In the pre-crisis paradigm, it was often criticised for being too slow and cautious. However, with the paradigm itself changing, there really isn't a clear benchmark to assess where India's, or for that matter, any country's capital account management framework stands currently.

Both theory and practice in this domain are in a state of evolution, as reflected in the essays in a recent book* co-edited by Bruno Carrasco, Hiranya Mukhopadhyay and myself.

Theoretical developments are taking the debate in the direction of identifying capital account management instruments and time frames for their use that will most effectively deal with different sources of capital account and exchange rate turbulence.

Practical perspectives, coming from central bankers who were directly involved in managing external turbulence, provide insights from the experiences of different countries about how specific instruments were used in different situations and how effective they were.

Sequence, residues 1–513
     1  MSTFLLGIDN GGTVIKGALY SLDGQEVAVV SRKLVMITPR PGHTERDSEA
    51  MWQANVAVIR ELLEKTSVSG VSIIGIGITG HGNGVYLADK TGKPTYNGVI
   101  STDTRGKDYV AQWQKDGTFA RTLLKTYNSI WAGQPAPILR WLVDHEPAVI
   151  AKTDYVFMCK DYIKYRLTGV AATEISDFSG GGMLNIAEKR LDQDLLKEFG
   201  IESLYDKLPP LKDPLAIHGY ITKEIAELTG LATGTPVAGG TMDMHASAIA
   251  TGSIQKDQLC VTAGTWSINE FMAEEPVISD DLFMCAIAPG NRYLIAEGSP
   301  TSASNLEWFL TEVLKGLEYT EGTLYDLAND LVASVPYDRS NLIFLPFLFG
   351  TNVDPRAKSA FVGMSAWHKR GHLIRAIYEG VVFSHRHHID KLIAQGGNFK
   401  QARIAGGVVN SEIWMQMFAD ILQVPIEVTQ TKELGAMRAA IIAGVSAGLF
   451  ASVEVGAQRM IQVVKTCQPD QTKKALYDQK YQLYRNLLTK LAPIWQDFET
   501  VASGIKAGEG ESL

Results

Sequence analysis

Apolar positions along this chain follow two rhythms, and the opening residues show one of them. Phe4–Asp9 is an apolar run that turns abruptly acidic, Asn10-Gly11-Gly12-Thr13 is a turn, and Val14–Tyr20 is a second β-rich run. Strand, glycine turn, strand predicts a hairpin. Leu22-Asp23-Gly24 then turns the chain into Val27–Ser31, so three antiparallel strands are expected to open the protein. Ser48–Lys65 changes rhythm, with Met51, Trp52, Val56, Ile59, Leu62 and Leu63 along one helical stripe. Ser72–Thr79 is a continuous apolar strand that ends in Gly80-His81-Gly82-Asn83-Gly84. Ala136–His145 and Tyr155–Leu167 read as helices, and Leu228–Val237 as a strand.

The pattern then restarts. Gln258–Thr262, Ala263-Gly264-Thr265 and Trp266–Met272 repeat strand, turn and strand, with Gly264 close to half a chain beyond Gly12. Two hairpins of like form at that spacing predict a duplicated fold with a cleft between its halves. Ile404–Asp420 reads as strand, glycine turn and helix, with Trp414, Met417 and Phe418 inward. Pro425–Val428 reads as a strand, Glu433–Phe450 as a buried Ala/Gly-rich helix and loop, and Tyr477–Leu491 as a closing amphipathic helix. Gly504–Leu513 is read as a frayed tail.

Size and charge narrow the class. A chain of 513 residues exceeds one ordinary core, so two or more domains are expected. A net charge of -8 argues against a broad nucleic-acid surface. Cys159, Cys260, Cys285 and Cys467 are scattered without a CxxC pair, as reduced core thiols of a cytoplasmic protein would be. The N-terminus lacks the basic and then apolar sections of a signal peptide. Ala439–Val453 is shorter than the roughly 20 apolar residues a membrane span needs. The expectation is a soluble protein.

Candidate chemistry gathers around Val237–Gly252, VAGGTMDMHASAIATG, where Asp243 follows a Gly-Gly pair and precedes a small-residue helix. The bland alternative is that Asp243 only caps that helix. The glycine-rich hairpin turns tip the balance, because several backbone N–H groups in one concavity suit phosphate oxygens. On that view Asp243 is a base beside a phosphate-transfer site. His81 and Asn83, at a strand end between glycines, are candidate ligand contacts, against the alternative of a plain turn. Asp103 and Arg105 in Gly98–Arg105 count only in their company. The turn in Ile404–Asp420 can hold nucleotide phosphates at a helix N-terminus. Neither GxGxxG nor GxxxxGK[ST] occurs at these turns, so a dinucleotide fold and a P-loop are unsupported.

One might have thought that the pragmatic middle ground was now the dominant position in the debate and that research efforts were focused on refining the understanding on what kind of controls might work when and why and, very importantly, what will not work and why.

Going by this yardstick, the Indian regime appears to be an eminently sensible one.

There is a broad acceptance of the benefits of free capital movements.

There is also an understanding of the different level of risks that different kinds of capital flows pose.

Exchange rate flexibility is also part of the framework, but within certain boundaries.

And the willingness to step in with a variety of interventions, both market-based and administrative, in order to deal with extreme volatility has been demonstrated.

Against this backdrop, the recent statements emanating from both the finance ministry and the Reserve Bank of India (RBI) about the aspiration to move towards full convertibility are significant.

Equally significant are the apparently contradictory messages from the central bank, highlighting the risks intrinsic to a more open capital account.

Based on the background provided above, I think that the debate has shifted from "more open versus less open", which was essentially a pre-crisis formulation, to "matching vulnerabilities with toolkits", which is the tagline for the post-crisis pragmatism.

From this perspective, I would argue that a constructive debate on the appropriate capital account management framework for India needs to address three major issues, each of which involves trade-offs.

First, should all inflows be made completely free?